I'm a Stranger Here Myself

Stranger-Butter

We’re six weeks into the market season and despite my normally tenacious melancholy, I’d like to report that things are going great. It’s nothing less than a miracle. Our farm is tiny (really tiny, between 1/8 and 1/4 acre) and for many months, I’ve had a nightmare, flop-sweat kind of concern about our ability to produce enough food to support the market. But every week so far we’ve filled our stand and had plenty to spare. Hell, we’ve even been able to donate food and plants to some community organizations. Beyond that, people appear sincerely positive about what we’re doing and how we’re doing it. And money wise, so far we’re on the happy side of break even, so that’s good. But best of all, the people at market are great. They’re kind, involved, interesting and for the most part I can’t say enough good things about them.  They’ve made market Saturday the best part of my week.

Stranger-Adam

All that being said, the last six weeks have been jarring. Things have gone well but few have gone to plan.  And now, sometimes when I’m in our tiny market garden, the one we’ve worked for the last several years, I feel like a stranger. You could club me on the head, blindfold me, pack me in a crate and dump me someplace totally foreign, like at a Cairo street bazaar (or suburban Cleveland for that matter), and I don’t think I’d feel much more disoriented than I sometimes do in our garden. Everything changed when we started growing for market. From basic rules of seasonality to the varieties we plant to the amounts we grow it’s all different now. So to help myself next year, I’ve compiled some lists. (I know! How wonderfully Nick Hornby of me.) I’m determined to learn from this year. I’m going to learn enough to make next year less foreign. Hell, by then I many even have learned some Egyptian.

Stranger-Onion

Top Five Early “Seasons” In Our Market Garden
  1. Radish and Hakurei Turnips. Grow them to sell at the first three to four markets (last week in April and first three in May). After that the big players show up and flood the market.
  2. Greens. Spinach, kale, asian greens and such sell very well. As people turn towards more plant based diets these will only increase. Grow two kales, chard, two spinach and the asians.
  3. Plants. Tomatoes, peppers, cucumbers and every variety of soil block under the sun sell well from May first until the end of June. Some blocks (landscaping plants for instance) should keep selling well after this.
  4. Broccoli Rabe and Spring Onion. These are great. Nobody else offers either and they both sell great. Grow to make  a big statement through the last two May markets and all of June.
  5. Lettuce, both head and baby. There are head lettuces suitable for all the seasons. Rotate varieties to produce the very best quality. Baby mix with some interesting flair (dill, edible flower, ect) kills at market.
Five Things About Plants
  1. Start tomatoes between February 1st and Valentines Day. They sell better when they’re big so give them some time.
  2. Start peppers between V-Day and March first. You want them big but they shouldn’t flower in pot.
  3. GROW HERBS! Grow any kind! Grow as much as you can! Grow them all year! People need their herbs. One More time: GROW HERBS!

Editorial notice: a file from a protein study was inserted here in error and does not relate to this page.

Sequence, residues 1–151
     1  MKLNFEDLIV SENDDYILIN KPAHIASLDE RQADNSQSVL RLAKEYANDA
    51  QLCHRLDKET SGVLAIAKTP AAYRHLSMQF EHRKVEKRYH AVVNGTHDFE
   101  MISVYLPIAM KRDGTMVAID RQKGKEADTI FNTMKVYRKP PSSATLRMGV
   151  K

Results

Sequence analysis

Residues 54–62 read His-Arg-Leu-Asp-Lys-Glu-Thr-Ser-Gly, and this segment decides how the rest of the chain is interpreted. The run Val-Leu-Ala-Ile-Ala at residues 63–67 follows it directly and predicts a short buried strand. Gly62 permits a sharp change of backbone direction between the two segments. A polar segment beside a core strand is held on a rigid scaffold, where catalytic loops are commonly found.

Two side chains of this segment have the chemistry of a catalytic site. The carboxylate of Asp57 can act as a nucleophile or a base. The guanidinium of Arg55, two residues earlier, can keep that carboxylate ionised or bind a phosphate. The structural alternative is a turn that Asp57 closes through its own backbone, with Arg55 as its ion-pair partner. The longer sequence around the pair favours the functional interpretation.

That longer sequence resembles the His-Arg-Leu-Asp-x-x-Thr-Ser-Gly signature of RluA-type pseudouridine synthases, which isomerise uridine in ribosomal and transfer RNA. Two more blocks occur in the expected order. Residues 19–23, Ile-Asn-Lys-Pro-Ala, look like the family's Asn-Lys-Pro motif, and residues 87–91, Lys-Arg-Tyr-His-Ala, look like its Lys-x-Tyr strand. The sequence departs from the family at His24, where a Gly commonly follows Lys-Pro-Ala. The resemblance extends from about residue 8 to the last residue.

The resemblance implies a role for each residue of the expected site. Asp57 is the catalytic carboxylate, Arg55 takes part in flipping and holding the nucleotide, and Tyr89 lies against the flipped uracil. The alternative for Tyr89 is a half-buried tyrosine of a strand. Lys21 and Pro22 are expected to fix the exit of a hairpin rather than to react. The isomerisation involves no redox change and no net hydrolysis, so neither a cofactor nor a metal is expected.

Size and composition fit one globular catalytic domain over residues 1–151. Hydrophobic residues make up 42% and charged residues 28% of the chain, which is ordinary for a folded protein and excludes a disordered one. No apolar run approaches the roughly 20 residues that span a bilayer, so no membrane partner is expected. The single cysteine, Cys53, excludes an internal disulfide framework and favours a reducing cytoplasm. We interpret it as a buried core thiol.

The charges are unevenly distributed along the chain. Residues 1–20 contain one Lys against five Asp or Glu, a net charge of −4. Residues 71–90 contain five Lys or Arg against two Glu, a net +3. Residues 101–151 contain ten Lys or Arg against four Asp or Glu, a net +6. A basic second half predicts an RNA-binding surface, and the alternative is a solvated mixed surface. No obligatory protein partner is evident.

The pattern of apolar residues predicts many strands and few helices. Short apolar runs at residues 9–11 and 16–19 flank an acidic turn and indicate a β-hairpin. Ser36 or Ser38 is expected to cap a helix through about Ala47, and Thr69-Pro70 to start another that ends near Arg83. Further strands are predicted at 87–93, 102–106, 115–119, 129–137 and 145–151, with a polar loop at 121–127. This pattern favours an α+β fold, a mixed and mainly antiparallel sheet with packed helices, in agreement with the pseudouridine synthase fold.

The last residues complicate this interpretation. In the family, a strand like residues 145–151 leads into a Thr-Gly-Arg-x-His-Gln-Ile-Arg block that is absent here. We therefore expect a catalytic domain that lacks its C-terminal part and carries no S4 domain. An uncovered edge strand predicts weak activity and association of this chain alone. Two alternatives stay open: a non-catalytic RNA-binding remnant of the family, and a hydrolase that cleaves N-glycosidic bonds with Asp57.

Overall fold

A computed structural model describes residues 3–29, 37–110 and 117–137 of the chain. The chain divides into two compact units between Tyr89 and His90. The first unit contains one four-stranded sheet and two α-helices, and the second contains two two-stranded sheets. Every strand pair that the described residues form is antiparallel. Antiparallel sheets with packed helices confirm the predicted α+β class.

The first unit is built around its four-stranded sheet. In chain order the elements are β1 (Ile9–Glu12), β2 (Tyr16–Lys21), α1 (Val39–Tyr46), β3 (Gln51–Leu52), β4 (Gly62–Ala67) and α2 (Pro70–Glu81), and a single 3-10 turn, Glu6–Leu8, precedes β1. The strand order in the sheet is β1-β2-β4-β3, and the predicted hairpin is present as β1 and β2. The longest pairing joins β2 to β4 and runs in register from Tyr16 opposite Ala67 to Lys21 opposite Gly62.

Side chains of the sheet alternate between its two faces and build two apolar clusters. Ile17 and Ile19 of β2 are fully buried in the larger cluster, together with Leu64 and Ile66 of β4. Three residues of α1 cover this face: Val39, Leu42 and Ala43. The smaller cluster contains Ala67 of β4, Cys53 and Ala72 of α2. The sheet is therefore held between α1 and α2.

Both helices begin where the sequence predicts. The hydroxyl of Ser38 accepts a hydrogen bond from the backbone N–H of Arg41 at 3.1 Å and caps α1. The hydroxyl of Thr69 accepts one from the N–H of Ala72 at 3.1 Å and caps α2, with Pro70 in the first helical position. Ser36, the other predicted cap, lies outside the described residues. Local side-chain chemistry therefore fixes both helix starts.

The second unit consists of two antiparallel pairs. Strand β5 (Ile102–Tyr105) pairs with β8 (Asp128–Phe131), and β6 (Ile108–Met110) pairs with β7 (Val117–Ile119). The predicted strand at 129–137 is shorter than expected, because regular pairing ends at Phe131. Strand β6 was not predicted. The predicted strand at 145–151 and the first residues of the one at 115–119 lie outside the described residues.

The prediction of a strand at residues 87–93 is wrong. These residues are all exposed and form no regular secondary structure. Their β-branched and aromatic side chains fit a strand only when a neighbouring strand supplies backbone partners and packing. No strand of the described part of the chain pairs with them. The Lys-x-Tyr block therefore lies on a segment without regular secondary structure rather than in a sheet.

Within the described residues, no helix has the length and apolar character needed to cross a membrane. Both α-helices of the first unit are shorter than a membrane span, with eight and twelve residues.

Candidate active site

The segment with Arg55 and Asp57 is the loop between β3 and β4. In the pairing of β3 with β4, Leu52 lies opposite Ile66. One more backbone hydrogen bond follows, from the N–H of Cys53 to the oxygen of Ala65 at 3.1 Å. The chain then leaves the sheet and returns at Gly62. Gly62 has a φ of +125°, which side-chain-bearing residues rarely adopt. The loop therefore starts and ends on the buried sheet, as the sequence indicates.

4. Grow a wide variety of stuff, both veggies and landscape plants. People want it all. They want everything from brussels to columbines.
  5. Stick with the soil blocks. They can be a real kick in the bollox but they differentiate us and people appreciate them.

Stranger-Rabe1

Five Points About Greens
  1. Spinach is the king!  Have it as often as you can. Harvest at least weekly, twice weekly if you can swing it. Small leaves that can be eaten raw are a huge opportunity.
  2. Grow arugula. Every week many folks ask for some and we didn’t grow any this year. Nobody else did either so folks are disappointed.
  3. Grow enough kale to only have to harvest each bed once every other week. This year we are cutting weekly. The kale is much happier with a week between to recover.
  4. Mache would sell very, very well if we can figure out how to have it early in May
  5. Broccoli Rabe is the queen! The more we grow the more we sell. A 4-foot bed fills 10-15 retail bags. We cut 10 feet last week and sold out in two hours. GROW MORE RABE!
Top Five Tricks From Our First Six Markets
  1. Tomatoes and pepper plants love Kelp Emulsion. A quick spray on the leaves makes the plants glow. Water with Kelp and even the most stressed plant miraculously revives.
  2. Broccoli sells well but takes a lot of space in a tiny garden. Use it to shade leaf lettuce. We plant heads on all four sides of a broccoli plant to get the most from our limited space.
  3. Don’t sell the produce you have on display. The hot windy conditions of the average farmers’ market are hell on produce. Sell from a cooler. Customers will be happier.
  4. Seasonality means something else at market. Just because it can grow at a particular time doesn’t mean we should grow it. Focus on things that are not otherwise available at market. Get into and out of things before the bigger operations start to hit them hard. It’s about exclusivity and differentiation.
  5. Stop freaking the hell out! We had no idea what we were doing this year and things are going great (mostly due to the great people at our market). I’m sure it’ll work out next year too.

Milo-Farm tired

2 comments to I’m a Stranger Here Myself

  • Laurie

    It was great to meet you (finally). I am amazed and delighted by your blog. I love the recipes, photographs, and all the information about small-scale farming!

  • Wish we could drop by your farmer’s market. We are in a small country town, no farmer’s market, and they farm wheat here. Made a garden salad tonight – nasturtium leaves (no flowers yet), dandelion and oxalis, with basil leaves, and sprinkled with seeds.

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